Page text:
During the survey, each system and its components are exercised to ensure proper operation. This includes validating the controls sequence of operation in mechanical systems, for example. The data collected is reviewed, analyzed, and compiled into a report with recommended repairs, modifications, and upgrades to restore optimum system operation (I.e., Energy Efficiency Measures).  These Energy Efficiency Measures (EEMs) often come with Return-On-Investment (ROI) payback calculations.

How have large telecom providers benefitted from retro-commissioning of their buildings?

Major US telecoms often have a large portfolio of building assets with numerous under-utilized buildings. These buildings were constructed at a time when placing and physically connecting local offices to local communities with cables was the norm.

To make matters worse, the old electro-mechanical telecom technology required far more building space than today’s modern technologies. Evolving technology and demographics (e.g., shift away from land lines to cellphones) rendered most of the space in these buildings vacant and of little use.

Telecoms no longer have adequate return from this large asset base but continue to incur expenses in operating them. A major benefit of RCx is to optimize operation of systems in existing buildings. This can save major telecom firms millions of dollars in operating expenses lost on under-utilized assets with limited returns.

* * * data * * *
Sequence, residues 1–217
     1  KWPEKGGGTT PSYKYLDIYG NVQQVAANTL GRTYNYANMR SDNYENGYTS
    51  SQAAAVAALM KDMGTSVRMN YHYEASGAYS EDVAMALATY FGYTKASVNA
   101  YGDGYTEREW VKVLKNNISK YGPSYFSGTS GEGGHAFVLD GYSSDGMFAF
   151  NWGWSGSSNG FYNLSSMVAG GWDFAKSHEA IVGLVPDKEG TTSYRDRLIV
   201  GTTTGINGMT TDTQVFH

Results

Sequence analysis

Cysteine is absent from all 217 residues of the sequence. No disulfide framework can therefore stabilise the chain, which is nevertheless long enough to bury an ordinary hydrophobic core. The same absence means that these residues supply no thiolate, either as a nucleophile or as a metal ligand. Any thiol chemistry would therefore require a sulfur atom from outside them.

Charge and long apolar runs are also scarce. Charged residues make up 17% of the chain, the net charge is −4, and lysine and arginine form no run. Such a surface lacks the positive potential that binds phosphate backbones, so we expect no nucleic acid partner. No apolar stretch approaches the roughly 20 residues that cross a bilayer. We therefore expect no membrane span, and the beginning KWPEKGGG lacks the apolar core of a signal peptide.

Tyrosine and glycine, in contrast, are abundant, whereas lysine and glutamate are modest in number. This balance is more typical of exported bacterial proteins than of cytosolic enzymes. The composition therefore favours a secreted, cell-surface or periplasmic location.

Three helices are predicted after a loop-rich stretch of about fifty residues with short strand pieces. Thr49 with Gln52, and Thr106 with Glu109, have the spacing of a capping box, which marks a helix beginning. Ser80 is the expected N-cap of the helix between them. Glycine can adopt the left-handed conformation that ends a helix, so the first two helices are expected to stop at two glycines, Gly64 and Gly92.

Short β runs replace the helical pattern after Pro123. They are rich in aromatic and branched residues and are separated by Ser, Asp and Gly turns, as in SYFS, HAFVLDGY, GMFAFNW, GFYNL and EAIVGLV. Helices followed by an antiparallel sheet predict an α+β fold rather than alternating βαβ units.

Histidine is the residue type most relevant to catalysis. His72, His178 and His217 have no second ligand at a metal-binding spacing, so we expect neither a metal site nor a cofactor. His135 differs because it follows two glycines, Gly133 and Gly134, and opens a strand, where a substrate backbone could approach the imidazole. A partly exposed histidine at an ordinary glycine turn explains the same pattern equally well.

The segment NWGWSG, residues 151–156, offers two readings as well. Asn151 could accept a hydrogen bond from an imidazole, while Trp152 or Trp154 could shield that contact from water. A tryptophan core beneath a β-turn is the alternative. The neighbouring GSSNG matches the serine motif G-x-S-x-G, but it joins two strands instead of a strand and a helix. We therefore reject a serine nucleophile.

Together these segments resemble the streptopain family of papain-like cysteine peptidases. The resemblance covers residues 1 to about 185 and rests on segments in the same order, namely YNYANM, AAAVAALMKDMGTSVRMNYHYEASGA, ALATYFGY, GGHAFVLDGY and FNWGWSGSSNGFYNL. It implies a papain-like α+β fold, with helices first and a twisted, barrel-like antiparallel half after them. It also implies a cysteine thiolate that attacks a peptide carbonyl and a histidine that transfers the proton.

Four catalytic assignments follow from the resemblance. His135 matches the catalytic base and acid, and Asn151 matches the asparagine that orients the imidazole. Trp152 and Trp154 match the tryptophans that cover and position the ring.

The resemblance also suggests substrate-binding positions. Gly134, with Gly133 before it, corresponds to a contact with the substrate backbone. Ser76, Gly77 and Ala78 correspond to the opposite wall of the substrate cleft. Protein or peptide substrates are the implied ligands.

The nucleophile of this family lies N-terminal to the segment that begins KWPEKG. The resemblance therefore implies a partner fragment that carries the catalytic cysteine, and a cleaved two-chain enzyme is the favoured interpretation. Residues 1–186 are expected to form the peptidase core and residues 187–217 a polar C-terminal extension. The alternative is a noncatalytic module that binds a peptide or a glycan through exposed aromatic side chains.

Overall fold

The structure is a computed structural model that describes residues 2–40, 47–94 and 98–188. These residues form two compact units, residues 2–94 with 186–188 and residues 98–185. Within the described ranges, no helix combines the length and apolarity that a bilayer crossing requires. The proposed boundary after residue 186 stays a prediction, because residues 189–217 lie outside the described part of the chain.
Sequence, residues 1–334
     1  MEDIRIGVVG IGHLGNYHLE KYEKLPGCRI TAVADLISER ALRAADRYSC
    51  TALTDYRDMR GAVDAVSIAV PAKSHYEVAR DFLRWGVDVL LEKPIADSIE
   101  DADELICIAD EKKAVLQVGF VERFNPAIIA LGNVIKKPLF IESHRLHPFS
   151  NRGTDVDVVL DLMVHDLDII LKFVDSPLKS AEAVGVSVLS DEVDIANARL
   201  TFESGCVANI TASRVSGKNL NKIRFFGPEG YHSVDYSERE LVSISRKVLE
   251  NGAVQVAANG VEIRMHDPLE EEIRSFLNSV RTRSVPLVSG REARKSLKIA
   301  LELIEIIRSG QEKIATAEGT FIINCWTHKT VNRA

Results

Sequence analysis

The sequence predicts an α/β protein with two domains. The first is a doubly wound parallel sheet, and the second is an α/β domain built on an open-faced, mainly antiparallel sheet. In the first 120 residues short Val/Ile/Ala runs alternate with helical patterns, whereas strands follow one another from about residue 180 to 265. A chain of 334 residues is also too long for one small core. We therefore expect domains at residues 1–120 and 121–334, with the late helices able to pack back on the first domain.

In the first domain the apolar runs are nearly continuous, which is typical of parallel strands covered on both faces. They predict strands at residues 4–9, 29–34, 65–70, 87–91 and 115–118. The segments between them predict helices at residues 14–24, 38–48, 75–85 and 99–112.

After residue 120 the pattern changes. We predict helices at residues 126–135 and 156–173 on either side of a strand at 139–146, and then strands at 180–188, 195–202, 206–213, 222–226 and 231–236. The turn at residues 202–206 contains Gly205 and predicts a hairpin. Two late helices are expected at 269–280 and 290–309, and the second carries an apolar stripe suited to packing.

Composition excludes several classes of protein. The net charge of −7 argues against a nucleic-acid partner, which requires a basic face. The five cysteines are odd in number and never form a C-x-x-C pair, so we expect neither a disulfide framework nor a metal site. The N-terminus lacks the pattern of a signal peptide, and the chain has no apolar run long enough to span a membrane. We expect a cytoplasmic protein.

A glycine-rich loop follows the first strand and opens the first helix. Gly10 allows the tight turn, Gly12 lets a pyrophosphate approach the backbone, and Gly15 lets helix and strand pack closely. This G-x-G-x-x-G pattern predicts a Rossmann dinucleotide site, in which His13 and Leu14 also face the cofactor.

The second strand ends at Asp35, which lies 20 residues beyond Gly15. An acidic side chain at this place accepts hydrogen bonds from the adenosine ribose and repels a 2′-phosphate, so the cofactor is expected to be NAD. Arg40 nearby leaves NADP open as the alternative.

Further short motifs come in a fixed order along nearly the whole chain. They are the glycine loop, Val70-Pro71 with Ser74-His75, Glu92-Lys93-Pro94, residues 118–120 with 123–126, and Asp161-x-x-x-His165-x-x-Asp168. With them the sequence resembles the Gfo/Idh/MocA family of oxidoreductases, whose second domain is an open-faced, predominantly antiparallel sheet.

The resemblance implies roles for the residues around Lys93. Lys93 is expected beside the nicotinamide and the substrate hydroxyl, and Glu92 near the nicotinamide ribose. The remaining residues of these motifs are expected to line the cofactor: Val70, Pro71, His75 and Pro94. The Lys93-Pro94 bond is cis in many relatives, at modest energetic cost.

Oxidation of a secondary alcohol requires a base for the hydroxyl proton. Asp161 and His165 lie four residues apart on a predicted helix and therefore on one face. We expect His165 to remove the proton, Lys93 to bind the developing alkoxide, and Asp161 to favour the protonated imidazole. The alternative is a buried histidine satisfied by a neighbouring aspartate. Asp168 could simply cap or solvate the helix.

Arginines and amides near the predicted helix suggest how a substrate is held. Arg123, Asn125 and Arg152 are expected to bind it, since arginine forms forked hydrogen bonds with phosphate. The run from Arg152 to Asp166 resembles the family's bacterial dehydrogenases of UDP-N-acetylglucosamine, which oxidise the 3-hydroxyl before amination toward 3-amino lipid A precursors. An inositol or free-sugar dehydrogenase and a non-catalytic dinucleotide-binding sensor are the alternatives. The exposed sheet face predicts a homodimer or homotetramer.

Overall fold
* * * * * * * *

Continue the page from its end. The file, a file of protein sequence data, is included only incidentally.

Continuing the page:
How much money can be saved through retro-commissioning?

Savings for individual clients depends on factors such as whether the systems were commissioned initially, the extent of changes to the systems (and supported building spaces), amount of maintenance and repairs (or lack thereof).

RCx can result in substantial savings with relatively small expenditure. For example, many HVAC issues can be resolved by simply correcting faulty or outdated controls sequence of operation programming or making minor repairs.

How is Salas O’Brien uniquely equipped to provide these services?

Our team’s combination of knowledge and expertise is key to providing best-in-class RCx services. We have a very experienced core commissioning group composed of individuals with upwards of 40 years of commissioning experience. We also have many experienced MEP (mechanical, electrical, and plumbing) engineers with in-depth knowledge of design of these systems. This combination gives us an advantage over many firms, which typically specialize in either commissioning or design but not both.

Contact us to learn more.

For media inquiries on this article, reach out to Stacy Lake.

Farshad Arfaa, PE

Farshad Arfaa, PE

Farshad Arfaa has used strong management skills to successfully form, lead, motivate and manage teams with multi-million-dollar budgets while consistently delivering best-in-class results over the past 38 years. He has also originated and developed many technical standards, processes and best practices that have improved the industry. His knack for effectively managing costs combined with creative solutions have saved millions of dollars for mission critical clients. Farshad is a Senior Vice President with Salas O’Brien. Contact him at [email protected].